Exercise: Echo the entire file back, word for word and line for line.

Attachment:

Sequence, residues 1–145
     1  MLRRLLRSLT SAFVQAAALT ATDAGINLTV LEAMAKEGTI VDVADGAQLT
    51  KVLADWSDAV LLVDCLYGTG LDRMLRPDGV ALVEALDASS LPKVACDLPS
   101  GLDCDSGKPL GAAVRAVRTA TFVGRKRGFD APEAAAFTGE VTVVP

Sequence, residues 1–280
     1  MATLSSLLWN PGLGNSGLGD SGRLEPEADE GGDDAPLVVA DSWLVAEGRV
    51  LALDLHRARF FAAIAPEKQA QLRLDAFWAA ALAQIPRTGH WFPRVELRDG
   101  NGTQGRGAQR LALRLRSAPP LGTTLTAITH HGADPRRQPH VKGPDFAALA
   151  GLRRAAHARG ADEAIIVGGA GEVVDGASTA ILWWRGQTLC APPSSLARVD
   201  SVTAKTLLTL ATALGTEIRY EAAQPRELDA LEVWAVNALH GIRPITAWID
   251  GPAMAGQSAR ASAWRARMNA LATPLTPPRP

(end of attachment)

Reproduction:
Sequence, residues 1–145
     1  MLRRLLRSLT SAFVQAAALT ATDAGINLTV LEAMAKEGTI VDVADGAQLT
    51  KVLADWSDAV LLVDCLYGTG LDRMLRPDGV ALVEALDASS LPKVACDLPS
   101  GLDCDSGKPL GAAVRAVRTA TFVGRKRGFD APEAAAFTGE VTVVP

Sequence, residues 1–280
     1  MATLSSLLWN PGLGNSGLGD SGRLEPEADE GGDDAPLVVA DSWLVAEGRV
    51  LALDLHRARF FAAIAPEKQA QLRLDAFWAA ALAQIPRTGH WFPRVELRDG
   101  NGTQGRGAQR LALRLRSAPP LGTTLTAITH HGADPRRQPH VKGPDFAALA
   151  GLRRAAHARG ADEAIIVGGA GEVVDGASTA ILWWRGQTLC APPSSLARVD
   201  SVTAKTLLTL ATALGTEIRY EAAQPRELDA LEVWAVNALH GIRPITAWID
   251  GPAMAGQSAR ASAWRARMNA LATPLTPPRP